Okay, I can’t remember the last time I picked up a drill or a reciprocating saw, because like most of my colleagues, I spend most of my time at a computer. The flipside is that at work, I have been amazed by Microsoft’s Power BI functionality with managing metadata. It’s a power tool for geeks that turn’s information overload into useful insights. This got me to thinking about another power tool that is built into all of us. Our emotions. Before you tune me out, let me explain how emotional intelligence can help us live out our values of resilience, care, integrity, courage and even excellence. I’m not encouraging us to allow our emotions to take center stage, but I do want us to see our emotions as data. When we do this, they can become our power tools for reengagement, creativity, and enjoyment at work.
Emotional intelligence relates to self-perception, self-expression, interpersonal skills, decision making, and stress management. Research has linked these competencies to effective leadership because emotions are what makes us human. However, in business we are generally expected leave our emotions at the door. We see being emotive as bad, but the truth is that we still have feelings whether we acknowledge them or not. When we suppress them, they only become stronger, and we lose the ability to deal with a situation as it really is. When we pay attention to our emotions, they can provide data on what’s important to us and help us to understand ourselves and others. More importantly they can help us define actions connected to our values to respond to what’s creating the emotions.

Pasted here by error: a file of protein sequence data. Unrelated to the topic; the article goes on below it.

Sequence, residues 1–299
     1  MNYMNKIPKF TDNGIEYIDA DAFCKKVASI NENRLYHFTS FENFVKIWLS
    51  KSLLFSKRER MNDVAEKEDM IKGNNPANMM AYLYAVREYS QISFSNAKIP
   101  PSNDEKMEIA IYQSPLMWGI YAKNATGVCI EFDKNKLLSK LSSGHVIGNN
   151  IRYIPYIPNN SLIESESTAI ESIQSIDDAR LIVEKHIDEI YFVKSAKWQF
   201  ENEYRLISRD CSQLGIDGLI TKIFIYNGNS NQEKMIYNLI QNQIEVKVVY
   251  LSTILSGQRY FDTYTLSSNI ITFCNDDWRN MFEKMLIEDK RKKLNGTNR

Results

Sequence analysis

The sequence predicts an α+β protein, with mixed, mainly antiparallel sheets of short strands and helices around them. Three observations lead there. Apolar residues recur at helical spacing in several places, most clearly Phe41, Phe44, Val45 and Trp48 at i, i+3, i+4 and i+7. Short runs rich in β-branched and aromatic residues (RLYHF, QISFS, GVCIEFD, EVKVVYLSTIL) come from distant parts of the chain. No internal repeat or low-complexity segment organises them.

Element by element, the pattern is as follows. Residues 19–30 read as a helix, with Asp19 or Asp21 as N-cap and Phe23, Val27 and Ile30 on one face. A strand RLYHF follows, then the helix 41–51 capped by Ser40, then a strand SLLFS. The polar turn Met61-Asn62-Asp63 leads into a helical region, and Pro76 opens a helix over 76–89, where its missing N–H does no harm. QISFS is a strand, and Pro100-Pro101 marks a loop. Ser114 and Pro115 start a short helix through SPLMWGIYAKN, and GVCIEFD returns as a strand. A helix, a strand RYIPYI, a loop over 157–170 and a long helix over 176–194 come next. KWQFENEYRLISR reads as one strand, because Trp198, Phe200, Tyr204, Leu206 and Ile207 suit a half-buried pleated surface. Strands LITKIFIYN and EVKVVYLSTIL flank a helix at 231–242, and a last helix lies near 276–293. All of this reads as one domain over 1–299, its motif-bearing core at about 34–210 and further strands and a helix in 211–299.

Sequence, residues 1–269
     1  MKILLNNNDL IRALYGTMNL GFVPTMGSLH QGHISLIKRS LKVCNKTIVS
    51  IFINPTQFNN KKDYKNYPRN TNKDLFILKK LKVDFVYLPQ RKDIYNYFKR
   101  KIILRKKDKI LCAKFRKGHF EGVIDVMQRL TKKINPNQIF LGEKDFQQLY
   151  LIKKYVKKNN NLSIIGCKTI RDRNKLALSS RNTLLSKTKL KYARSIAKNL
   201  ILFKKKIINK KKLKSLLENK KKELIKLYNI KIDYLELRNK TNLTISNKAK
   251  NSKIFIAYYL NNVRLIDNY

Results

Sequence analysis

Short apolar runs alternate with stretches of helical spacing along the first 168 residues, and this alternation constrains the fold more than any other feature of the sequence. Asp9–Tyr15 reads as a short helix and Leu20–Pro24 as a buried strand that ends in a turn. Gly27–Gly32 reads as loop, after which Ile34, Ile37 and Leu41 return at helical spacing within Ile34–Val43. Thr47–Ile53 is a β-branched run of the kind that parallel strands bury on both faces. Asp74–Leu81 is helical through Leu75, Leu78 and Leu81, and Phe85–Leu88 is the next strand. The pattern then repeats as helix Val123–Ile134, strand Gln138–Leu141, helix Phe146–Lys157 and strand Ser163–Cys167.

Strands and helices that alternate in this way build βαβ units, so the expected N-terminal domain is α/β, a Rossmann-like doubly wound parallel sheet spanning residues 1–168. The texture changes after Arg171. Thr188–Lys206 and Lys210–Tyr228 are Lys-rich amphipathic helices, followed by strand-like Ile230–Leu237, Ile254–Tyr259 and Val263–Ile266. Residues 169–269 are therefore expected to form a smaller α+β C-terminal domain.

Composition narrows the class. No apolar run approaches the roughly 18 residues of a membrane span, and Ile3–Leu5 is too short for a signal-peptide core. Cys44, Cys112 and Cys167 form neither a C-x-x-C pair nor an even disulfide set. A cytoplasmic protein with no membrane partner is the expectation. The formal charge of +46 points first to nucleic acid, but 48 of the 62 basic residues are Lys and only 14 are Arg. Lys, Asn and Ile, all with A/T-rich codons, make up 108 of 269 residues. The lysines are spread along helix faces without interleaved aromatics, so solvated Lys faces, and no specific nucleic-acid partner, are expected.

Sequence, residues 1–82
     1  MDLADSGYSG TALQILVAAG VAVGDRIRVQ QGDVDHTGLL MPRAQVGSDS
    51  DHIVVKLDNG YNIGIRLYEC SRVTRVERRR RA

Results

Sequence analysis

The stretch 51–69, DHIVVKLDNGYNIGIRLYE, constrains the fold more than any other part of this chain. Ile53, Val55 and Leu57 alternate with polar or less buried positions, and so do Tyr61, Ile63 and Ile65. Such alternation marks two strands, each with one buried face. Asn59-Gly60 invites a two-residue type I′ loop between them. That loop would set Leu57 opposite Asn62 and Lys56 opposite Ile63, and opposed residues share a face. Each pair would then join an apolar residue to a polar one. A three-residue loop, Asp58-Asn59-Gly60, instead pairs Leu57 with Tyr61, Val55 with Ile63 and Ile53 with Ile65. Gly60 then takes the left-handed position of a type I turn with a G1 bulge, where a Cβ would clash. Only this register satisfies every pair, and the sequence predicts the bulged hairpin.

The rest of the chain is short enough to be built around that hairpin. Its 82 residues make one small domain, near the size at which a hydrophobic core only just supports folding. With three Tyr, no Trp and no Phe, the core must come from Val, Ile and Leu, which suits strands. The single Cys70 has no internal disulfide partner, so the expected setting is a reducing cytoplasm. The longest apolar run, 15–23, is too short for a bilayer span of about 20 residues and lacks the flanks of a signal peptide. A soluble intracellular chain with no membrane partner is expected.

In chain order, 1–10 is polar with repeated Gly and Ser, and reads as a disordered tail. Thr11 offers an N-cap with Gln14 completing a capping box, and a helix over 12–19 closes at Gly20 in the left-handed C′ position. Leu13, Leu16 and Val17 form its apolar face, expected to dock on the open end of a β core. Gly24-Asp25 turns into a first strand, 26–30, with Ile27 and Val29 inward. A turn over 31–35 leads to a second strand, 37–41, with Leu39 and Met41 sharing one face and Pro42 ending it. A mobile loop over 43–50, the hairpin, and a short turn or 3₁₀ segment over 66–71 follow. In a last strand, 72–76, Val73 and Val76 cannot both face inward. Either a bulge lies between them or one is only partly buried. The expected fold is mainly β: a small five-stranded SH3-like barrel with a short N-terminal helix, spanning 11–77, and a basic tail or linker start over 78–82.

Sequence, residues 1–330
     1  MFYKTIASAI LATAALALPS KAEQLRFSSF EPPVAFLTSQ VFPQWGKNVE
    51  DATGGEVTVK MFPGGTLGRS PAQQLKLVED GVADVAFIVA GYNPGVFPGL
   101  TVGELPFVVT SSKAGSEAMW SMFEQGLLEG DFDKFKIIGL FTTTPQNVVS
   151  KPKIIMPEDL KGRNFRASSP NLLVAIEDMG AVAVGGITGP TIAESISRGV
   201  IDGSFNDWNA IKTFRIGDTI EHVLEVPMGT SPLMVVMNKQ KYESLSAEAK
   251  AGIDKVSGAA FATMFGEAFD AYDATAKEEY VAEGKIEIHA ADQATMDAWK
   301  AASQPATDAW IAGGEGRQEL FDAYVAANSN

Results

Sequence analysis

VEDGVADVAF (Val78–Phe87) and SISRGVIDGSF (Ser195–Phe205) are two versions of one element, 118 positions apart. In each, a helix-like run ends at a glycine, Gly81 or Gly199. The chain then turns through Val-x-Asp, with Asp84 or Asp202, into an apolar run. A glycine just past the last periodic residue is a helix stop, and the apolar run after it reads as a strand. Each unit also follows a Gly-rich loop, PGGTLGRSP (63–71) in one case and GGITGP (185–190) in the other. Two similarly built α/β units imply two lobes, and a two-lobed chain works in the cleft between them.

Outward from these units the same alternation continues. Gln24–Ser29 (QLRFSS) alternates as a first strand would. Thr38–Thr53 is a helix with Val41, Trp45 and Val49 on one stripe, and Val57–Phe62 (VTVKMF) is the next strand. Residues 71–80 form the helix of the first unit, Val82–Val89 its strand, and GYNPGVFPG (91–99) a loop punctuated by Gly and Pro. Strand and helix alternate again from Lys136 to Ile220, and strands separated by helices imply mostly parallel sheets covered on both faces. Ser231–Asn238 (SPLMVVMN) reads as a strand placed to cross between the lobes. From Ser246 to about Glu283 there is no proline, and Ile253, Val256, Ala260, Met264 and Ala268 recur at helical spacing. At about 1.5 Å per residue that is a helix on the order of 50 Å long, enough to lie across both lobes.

How do we put our emotions to work? Our thoughts drive our emotions and subsequently our actions. When we sit with our emotions and label them correctly, we can figure out what is making us feel that way. Instead of just saying “I’m stressed,” consider if you’re disappointed, dreading something, or overwhelmed. Doing the analysis to understand the emotion is the first step to decisive action. A critical element of human performance is learning to manage our thoughts. As humans we must rely on both “fast” thinking, which is helpful in everyday decisions to leverage our experience and “slow” thinking, which is more controlled, curious, and strategic to deal with more complex situations. We must resist the natural flight, fight, or freeze response to negative emotions and find the courage to examine our thinking. One of my favorite sayings is change your thinking, change your life (Brian Tracy).
In my own career, there was a time when I was feeling powerless and not able to change a negative relationship with my manager. My first instincts were to flee from the situation as fast as I could. However, I really liked my job and I felt like I was making a positive impact on the organization. When I shifted my thinking from “I need this job, so I have to accept being miserable” to “I have options, but I choose to be here because I like my job,” there was an immediate change in my relationship with my manager. I had the courage to address the behaviors and work challenges that were making us both less effective as leaders. Furthermore, as a leader, I learned to pay more attention to my colleagues and to push through awkward emotional interactions to better understand the situation at hand. I learned to listen more and to notice emotional cues. For example, if I asked, “How are you?” I waited for a response and looked to see if it was consistent with the body language I was seeing.
Emotions are not good or bad. They are tools that can be used by anyone who wants to influence human behavior. Accepting that we are emotional beings is the foundation for resilience. It improves your perception of yourself and your ability to express yourself which enables personal integrity and excellence. Good interpersonal skills are necessary for demonstrating care and concern for the well-being of others. Finally, building these emotional intelligence competencies takes the courage to act with conviction based on data. Emotions make us powerful. If you still have doubts, call me.